More Psychology - Why U.S. Drivers Won't Conserve

Cross-posted from GG:

tN_Decal2.jpgVia Detroit Free Press: Fuel prices won't drive US to conserve

I'd take this article with a grain of salt, coming out of the Motor City, but it did have some interesting analyses.

Many factors play into America's reluctance to conserve, but psychologists say two facts of human behavior dominate: We get used to high prices that are reached incrementally. And we're more afraid of losing something than we are motivated by the advantages of giving it up.

Combined with surveys showing that our interest in fuel efficiency rises and falls with gasoline prices instead of being an ever-increasing concern, it's reasonable to say that the United States won't slow its fuel use, at least not for a long time.

There is a tremendous headwind to Americans adjusting their driving habits, much of it built up over the past few decades of suburban to exurban transformation. I do agree with this article that, more importantly, people are just afraid of a lifestyle not built around the automobile. They are afraid of a loss of "freedom" to be a destination in a moments notice, afraid of "losing time" to a bus commute that may take an extra 30 min a day. They are afraid of not being to keep up with the Joneses if Charlie can't go to soccer practice anymore, or if G-d forbid, they have to be seen standing on the corner waiting for the bus.

More insight:

"And conservation of any kind is tough for people to take. It requires losing something, cutting out part of their lifestyles," he said.

That's called loss aversion, and it's hard to overestimate its influence, said David Dunning, psychology professor at Cornell University and executive officer of the Society for Personality and Social Psychology.

"In making judgments, losses loom much greater than gains," he said.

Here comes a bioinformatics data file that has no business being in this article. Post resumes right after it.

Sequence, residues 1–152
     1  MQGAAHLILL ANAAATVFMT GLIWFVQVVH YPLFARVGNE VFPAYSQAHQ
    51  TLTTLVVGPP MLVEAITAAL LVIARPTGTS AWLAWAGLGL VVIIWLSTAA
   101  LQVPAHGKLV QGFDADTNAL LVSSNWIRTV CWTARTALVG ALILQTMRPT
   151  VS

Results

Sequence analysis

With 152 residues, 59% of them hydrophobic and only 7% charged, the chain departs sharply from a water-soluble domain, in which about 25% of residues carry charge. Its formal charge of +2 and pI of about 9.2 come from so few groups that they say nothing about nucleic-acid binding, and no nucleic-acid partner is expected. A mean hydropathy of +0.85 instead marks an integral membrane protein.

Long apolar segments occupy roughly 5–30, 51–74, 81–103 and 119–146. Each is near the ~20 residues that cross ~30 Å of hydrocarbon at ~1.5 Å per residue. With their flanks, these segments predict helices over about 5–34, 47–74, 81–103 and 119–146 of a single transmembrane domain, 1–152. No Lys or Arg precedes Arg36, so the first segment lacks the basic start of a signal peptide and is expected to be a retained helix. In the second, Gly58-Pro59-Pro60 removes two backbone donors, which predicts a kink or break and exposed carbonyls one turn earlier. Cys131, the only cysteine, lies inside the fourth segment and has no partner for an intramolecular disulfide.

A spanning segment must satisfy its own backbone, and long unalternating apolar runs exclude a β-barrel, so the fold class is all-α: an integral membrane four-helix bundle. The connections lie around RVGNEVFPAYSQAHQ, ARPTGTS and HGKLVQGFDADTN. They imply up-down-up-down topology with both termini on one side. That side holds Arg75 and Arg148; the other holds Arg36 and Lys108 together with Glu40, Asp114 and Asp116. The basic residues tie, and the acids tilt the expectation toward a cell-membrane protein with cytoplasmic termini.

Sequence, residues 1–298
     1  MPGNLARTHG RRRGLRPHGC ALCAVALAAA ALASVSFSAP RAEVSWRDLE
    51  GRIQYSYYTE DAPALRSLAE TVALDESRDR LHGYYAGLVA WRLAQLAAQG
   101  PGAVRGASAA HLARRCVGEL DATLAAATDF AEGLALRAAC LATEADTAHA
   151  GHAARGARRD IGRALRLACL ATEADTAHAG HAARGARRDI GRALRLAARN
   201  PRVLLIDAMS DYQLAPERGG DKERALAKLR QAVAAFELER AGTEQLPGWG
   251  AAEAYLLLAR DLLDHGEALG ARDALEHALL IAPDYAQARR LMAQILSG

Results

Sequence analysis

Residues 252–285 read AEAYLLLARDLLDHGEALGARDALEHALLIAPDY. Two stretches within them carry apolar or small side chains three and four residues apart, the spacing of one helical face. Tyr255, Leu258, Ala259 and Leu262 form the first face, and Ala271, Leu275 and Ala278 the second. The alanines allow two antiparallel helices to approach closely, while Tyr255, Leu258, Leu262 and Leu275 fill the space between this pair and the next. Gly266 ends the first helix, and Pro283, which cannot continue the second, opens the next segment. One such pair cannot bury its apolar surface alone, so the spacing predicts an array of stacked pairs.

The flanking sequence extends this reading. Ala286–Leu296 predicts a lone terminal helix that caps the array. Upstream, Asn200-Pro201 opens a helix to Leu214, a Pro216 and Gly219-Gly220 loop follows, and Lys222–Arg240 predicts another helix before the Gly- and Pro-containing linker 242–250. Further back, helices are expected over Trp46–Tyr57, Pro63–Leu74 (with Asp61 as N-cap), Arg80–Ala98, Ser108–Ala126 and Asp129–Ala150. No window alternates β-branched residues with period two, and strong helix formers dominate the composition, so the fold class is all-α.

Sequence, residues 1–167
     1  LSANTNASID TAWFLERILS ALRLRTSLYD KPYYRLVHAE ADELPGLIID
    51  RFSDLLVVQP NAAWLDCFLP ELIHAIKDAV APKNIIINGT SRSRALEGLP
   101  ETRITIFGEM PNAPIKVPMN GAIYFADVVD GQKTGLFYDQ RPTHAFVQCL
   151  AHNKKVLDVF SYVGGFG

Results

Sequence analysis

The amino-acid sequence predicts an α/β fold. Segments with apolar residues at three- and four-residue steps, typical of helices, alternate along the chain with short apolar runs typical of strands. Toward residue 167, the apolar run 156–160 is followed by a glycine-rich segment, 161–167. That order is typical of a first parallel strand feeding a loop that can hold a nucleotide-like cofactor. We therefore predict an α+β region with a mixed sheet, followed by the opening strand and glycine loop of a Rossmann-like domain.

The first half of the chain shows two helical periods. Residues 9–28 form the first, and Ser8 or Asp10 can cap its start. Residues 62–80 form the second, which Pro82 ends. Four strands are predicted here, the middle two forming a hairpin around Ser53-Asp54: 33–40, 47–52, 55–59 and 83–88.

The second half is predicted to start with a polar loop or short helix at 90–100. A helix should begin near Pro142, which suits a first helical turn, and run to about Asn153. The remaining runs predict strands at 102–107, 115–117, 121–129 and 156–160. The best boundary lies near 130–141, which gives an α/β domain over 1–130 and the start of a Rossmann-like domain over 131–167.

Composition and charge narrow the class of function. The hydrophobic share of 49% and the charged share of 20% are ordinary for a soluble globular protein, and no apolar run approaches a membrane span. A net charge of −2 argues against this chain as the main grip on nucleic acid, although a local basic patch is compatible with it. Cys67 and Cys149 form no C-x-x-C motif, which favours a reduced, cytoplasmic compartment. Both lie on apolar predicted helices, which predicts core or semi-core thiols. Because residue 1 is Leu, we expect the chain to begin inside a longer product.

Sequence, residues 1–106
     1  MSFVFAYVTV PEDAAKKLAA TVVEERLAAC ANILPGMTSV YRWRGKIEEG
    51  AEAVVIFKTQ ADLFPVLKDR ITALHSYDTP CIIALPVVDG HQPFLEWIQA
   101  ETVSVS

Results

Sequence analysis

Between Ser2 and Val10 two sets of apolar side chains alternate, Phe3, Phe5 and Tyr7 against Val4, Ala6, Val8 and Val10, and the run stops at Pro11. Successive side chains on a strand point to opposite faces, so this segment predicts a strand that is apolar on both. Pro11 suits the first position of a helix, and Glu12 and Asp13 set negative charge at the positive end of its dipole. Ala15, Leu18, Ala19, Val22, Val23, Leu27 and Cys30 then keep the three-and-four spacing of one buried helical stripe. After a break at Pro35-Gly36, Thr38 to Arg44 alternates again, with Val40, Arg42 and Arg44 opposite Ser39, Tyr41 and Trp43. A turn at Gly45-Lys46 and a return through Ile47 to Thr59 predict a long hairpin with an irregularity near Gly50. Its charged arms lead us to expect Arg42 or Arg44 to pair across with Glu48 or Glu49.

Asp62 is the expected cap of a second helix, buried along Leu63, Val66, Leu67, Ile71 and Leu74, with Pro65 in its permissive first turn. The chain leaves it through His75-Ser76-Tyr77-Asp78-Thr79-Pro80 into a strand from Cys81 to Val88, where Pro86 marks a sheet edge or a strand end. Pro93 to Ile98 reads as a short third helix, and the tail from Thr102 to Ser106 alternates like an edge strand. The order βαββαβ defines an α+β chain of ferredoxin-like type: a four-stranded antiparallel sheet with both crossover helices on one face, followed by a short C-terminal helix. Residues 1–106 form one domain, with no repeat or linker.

We are hardwired to focus on avoiding losses more than working towards long term gains. That is why I believe that many suburbanites in the under 40 generation go into tremendous amounts of debt as they enter adulthood. Brought up in a time of peace and relative prosperity we fear losing the creature comforts that we grew up with, a nice home, two cars, TV, big yard, etc. We can't wait to save up for it like our parents, we need it now. We can't take a step backwards and "lose" that way of life while we are building our own wealth.

It's the same with our cars. We'll continue to sacrifice our time, effort, and hard earned money on our cars, even though the cost of operating it will sky-rocket. Take a minute to consider how many hours of the week that you work, just to pay for your car (or however many cars you own). Then think about how many more hours you'll need to work as gas hits $3.50, $4.00, $4.50.

To "break our addiction to oil", we need more than a change in our nation's habits, we need a change in our thought processes, and need to figure out what we are really working "for" as we leave the house each day.
Jim Hossack puts it succinctly:

"That's America's problem," he said.

"Our national policy is one of 'Abundant, cheap energy for all -- but please don't use it.' Why would we conserve?"